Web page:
Knowing where to go to score is in the Top-10 of NHL clichés but Foligno does know, especially when playing with skilled players. The GIF above is an example when playing with Texier but he’s also capitalized off of Cam Atkinson.
Atkinson blows past Victor Hedman here and takes the puck to the net. Foligno continues on to the net and scores off the rebound.
I want to make it clear that although Foligno doesn’t score much himself, he still has the skill to play in the offensive zone. He appears to be very comfortable using a quick wrist shot in-stride by the right face-off circle with an extended right leg, and it’s worked on two separate occasions this season.
Against the Carolina Hurricanes (200th career goal)
Against the Dallas Stars
Again, the focus is on defence. Save for two seasons, Foligno has been an excellent shot suppressor in his career. RelCA/60 (relative Corsi against/60 minutes) tell us the number of shots directed towards the net when a player is on the ice vs. off the ice (via Natural Stat Trick). We generally want this number to be as negative as possible and Foligno has had that in all but two of his seasons at 5v5. His stat this year is -1.84 which doesn’t scream shutdown player but it is a contributing factor.
The biggest sign of confidence in his shutdown ability is his extensive usage in the defensive zone on a John Tortorella coached team. Nearly 60% of his even strength zone starts were in the opposition’s end and we know how strongly Torts favours defence.
Anyway you shake it, Foligno is a good defensive player, better than Hyman even. Going back to that shot suppression stat, our favourite puck-hunting bulldog has a 1.31 RelCA/60.
What really stands out to me is Foligno’s even-strength defence heat map (bottom left). Keefe made it clear that he wanted the Leafs to be better defending the front of their net and preventing advances to the crease. Foligno appears to help in that category mitigating shots from those high-danger areas.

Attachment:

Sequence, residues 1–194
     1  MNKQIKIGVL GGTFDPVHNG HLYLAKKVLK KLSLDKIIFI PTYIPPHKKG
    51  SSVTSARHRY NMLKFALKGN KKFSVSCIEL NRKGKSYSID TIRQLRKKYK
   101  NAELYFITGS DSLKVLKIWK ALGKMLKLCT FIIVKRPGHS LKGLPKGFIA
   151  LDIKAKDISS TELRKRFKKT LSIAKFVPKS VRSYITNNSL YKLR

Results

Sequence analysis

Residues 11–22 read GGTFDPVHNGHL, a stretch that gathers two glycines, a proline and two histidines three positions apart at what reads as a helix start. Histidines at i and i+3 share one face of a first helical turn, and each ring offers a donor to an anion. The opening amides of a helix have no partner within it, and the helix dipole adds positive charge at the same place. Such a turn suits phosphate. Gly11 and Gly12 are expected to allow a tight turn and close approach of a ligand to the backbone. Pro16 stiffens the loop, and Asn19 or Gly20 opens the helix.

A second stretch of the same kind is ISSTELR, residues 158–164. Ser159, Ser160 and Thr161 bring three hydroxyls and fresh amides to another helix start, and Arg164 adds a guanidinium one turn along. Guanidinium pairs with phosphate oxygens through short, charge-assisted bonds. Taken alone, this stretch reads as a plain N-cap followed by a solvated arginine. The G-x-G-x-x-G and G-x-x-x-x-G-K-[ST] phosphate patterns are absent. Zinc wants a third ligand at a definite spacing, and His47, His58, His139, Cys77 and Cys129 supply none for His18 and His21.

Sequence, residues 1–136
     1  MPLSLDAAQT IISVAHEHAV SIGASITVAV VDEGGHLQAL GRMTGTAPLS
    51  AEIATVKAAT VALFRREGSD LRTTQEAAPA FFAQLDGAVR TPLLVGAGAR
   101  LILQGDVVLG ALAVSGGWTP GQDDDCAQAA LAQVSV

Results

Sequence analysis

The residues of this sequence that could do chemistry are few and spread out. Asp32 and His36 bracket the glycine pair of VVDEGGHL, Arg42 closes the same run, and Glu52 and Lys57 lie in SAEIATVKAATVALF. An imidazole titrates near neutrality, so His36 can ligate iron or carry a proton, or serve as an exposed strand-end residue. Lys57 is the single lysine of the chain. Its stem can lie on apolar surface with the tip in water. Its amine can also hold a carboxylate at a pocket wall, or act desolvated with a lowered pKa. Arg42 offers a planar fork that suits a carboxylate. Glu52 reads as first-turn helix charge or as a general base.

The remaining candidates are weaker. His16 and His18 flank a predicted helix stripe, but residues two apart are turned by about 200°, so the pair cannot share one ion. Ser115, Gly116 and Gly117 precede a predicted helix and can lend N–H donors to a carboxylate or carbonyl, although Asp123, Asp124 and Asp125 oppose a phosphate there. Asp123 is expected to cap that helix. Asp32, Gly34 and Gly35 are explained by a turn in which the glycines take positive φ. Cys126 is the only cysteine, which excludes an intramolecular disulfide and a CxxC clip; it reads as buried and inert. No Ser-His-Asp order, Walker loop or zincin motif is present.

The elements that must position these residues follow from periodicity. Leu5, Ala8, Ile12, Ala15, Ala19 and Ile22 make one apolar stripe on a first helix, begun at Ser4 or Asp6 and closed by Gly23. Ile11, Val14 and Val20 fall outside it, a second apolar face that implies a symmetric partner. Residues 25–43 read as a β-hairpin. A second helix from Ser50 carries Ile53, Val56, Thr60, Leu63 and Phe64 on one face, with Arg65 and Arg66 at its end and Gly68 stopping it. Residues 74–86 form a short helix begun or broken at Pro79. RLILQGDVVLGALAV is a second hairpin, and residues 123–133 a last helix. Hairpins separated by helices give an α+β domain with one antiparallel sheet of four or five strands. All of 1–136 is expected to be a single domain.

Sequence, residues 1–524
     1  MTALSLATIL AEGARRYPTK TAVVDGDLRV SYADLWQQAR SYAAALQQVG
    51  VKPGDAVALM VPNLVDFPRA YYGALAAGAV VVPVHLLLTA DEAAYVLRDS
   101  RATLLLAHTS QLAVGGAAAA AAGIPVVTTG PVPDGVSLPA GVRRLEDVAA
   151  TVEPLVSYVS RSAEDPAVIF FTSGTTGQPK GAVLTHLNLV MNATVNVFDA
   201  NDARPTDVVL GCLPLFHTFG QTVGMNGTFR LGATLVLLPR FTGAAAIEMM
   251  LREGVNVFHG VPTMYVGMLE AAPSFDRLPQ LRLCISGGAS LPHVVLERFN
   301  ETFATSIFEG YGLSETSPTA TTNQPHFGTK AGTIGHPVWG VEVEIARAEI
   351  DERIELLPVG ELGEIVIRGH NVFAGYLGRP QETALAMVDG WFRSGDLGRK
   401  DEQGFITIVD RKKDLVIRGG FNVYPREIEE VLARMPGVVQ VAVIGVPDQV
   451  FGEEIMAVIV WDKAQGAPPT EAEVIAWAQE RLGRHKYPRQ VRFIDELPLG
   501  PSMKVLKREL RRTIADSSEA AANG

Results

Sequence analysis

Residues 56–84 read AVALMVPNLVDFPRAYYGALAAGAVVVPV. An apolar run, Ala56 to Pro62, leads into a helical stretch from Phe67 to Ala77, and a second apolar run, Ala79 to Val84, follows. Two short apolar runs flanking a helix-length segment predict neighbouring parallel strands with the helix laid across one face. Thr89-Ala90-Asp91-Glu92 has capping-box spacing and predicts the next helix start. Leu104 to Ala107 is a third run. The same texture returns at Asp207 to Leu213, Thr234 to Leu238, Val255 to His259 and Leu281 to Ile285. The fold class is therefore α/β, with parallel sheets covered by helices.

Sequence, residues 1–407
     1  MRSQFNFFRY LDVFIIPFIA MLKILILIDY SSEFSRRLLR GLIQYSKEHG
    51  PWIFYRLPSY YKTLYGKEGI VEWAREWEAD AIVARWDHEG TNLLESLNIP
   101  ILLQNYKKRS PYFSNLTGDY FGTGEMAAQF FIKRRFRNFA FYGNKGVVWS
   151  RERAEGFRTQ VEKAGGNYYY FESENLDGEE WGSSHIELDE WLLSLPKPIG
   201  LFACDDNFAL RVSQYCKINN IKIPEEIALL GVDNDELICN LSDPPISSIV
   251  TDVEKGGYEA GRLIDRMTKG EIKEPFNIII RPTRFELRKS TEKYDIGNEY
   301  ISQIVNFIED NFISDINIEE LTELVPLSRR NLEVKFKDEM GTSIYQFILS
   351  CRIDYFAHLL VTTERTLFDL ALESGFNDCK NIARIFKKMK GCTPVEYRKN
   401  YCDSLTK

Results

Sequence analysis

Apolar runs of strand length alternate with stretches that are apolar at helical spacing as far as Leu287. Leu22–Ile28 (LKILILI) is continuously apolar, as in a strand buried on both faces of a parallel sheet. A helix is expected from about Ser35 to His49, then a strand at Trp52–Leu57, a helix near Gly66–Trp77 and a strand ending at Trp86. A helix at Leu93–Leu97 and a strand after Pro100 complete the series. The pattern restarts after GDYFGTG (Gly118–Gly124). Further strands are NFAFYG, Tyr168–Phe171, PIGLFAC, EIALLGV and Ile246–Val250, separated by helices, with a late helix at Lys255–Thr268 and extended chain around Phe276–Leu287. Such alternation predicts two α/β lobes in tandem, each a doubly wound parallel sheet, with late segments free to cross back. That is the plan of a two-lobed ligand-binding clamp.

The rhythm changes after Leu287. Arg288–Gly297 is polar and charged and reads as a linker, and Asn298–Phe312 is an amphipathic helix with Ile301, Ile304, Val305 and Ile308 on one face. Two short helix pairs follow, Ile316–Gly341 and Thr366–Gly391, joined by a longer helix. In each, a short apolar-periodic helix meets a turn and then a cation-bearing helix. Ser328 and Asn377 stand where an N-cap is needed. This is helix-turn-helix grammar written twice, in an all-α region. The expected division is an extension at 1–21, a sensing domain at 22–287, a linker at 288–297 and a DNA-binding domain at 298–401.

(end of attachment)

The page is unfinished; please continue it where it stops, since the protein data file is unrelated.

We won’t know the actual role Foligno will be used in until he joins the team for practice. The plan could easily be to play him in the top six and make Hyman the straw that stirs the drink of the third line.
Foligno has been playing 1st line minutes for the last five seasons including this current one as he’s averaging 18:09 a night. He is used to playing with speed and skill spending a grand total of 202:54 with Texier while getting runs with Atkinson in spurts. Foligno knows what to and what his role is in these situations.
Keep in mind Keefe has given Joe Thornton a long look with Matthews and Marner because of his ability to work the boards down low and get the puck to either of them so they can work their magic. Foligno can do that. The same goes for the Tavares line.
Alex Galchenyuk is another pleasant surprise of the season and although he is a skilled player, his role is to be a hard forechecker. If the skill comes out in the process that’s fine but being the first on pucks is what Keefe likes the most about him. Foligno can do that.
For years we’ve been begging for the hockey gods to send us a Zach Hyman clone and we may have something close to that. Foligno isn’t going to generate nearly as many scoring chances on the line he plays on, but he will be a reliable forward who will dig in, work, throw some hits and be tough to play against.
Foligno could be used as a third-liner with Engvall and Mikheyev, if they’re both around post-deadline or slot him in on the left of Matthews or Tavares. The possibilities are endless now and Keefe has a lot of combinations to play with and only time will tell how Keefe uses him.
Taylor Hall was the big fish on the market, but it’s clear the Leafs were never as interested as we thought. Foligno was their guy and he’ll make this team better. My only question is if he winds up finding his way in the goal column, how high will he jump?